Monday, March 5, 2018

weekly theme :: SELFISHNESS


Author: Ryan Thompson

To be selfish is to be inconsiderate of others and to be primarily or solely focused on personal profit/pleasure of any kind regardless of impact on others. Selfishness stems from ignorance of others (self-absorbed), intentional disregard of others (self-seeking), focus of how situations, environments and events are directly impacted or impact the individual (ego centric), focus on importance of self and a sense of superiority over others regardless of truth (egomaniac, i.e. narcissistic).

Why are people selfish? 

Children often start developing empathy as early as age two and can soon begin to exhibit an understanding of empathy and can acknowledge that other people have thoughts and feelings of their own. Humans can naturally regulate empathy through competent parenting and healthy socialization. So, what happens? Why do people become selfish, self-absorbed, ego centric and narcissistic?

There are many reasons why people are motivated to selfish practices. 

A child brought up with excess often learn that they can get what they want through demands, which leads to entitlement. A selfish individual becomes limited in perception and are concerned with how much can be taken without sharing and how to give as little as possible back. Selfishness also manifests due to fear of insecurity which can develop from a myriad of sources such as an unstable home, abuse, mistrust and a lack of development of empathy.

“Selfish” or “Self-care”.

The idea of selfishness can also come from a black or white perception which easily becomes muddled. A.A. and twelve step groups often coin the phrase; “A.A./N.A. is a selfish program”, meaning that there is a primary focus on a recovering individual whom goes through a process of intense learning of self-awareness and personal responsibilities that require a focus on self to be a better individual through actions that reflect an adherence to a transpersonal commitment. These actions also include how an individual can utilize their strengths and experiences to be of service to others, creating a loop of meaning which includes the importance of fellowship and consideration of others. So is it a “selfish” program or is it “self-care”. While working with “selfishness” we ought to consider assisting clients to differentiate self-care from selfishness. Many clients minimize their problems through identifying personal processing as an act of selfishness and to be avoided. Other clients may compare their problems to others, minimizing their problems and presenting that their issues are not that bad, while the truth will continue to cause pain through delusion because of self-absorption.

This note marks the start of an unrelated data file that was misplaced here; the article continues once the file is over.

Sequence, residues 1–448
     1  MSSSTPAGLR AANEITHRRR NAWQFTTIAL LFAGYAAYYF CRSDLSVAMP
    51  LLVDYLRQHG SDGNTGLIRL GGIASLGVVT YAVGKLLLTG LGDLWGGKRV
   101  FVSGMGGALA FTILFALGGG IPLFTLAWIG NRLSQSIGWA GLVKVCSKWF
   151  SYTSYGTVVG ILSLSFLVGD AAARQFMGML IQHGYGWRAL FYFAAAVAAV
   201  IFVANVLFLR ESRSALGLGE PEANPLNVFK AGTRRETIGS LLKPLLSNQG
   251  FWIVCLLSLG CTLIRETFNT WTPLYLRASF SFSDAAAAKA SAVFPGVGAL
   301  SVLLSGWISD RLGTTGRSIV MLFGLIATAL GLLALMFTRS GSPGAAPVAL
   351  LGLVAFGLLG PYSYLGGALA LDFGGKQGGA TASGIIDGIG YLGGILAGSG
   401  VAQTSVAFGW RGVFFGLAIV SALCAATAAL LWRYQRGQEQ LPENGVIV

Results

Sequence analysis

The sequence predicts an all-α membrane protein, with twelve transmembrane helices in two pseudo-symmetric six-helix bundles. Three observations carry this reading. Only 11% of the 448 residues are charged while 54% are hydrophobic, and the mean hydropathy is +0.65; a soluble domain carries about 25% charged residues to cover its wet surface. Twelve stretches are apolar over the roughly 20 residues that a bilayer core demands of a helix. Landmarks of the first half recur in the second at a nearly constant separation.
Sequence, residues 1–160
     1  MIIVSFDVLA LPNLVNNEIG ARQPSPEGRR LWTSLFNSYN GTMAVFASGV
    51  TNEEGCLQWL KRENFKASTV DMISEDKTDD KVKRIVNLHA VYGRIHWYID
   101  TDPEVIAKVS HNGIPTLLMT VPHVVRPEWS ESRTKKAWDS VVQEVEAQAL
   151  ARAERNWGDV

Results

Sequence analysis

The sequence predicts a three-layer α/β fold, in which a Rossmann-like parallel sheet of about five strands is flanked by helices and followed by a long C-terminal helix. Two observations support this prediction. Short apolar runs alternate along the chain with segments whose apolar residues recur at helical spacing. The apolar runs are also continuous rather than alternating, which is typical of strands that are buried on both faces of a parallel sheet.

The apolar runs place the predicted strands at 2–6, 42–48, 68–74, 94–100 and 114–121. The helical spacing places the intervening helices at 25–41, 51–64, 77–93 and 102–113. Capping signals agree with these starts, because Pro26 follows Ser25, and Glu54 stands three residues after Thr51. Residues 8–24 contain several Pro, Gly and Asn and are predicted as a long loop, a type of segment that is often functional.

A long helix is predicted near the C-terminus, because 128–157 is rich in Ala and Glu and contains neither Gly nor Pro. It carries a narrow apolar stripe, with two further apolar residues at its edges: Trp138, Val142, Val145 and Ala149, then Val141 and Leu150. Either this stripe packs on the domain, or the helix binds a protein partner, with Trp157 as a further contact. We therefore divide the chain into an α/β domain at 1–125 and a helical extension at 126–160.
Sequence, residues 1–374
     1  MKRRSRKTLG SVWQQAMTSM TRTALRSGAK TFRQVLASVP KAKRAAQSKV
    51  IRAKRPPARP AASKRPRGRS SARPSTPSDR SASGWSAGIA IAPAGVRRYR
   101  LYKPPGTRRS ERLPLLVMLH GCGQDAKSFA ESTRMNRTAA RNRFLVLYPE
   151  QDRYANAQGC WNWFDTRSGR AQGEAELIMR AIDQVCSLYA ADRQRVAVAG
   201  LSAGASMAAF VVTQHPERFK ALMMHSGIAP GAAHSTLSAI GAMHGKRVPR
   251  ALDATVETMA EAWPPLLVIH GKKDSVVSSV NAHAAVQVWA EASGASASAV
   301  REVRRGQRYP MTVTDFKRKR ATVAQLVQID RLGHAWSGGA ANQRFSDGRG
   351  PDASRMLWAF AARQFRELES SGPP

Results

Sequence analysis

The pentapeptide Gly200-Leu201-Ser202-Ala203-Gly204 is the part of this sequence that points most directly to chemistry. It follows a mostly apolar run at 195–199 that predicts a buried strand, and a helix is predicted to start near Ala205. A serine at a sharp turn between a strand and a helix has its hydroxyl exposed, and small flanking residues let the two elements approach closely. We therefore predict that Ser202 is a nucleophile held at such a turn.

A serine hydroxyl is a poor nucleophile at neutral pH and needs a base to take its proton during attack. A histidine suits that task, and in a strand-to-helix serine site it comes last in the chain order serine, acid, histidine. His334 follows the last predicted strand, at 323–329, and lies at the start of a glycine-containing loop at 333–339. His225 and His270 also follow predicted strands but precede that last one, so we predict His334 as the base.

How can we assist clients...

... in raising awareness of how their own personal fears and mistrust keep them in a selfish pattern of behavior, but at what cost? The cost of selfishness is usually isolation, loneliness, delusion, superficial relationships which can all be significant factors in the maintenance of co-occurring disorders and substance use disorders.

Challenge selfishness.

To challenge selfishness, we can assist clients in differentiating self-care from selfishness. As past or current patterns of selfishness are brought to awareness, we can assist clients in raising their perspective to also account for how their actions will impact others. We can aid clients through empowerment and encourage them to take advantage of their choices to engage in actions that reflect integrity which include learning to set healthy and assertive boundaries which allow for a healthy and sober lifestyle. We can assist clients in becoming aware that by challenging underlying issues which allow for selfishness to occur we can find the courage to become vulnerable to pursue genuine and authentic relationships. This can open realities to discover the value in the compassion and company of others.

Call or contact Zen Recovery Path. Our community welcomes a fresh start. Recovery will be inspired with Clinical and Holistic Therapies such as; Art Projects, Kung Fu Classes, Tai Chi, Music group, EMDR and Movie with Meaning therapies.

126 E. 16th St., Costa Mesa, CA 92627

(800) 759-1930

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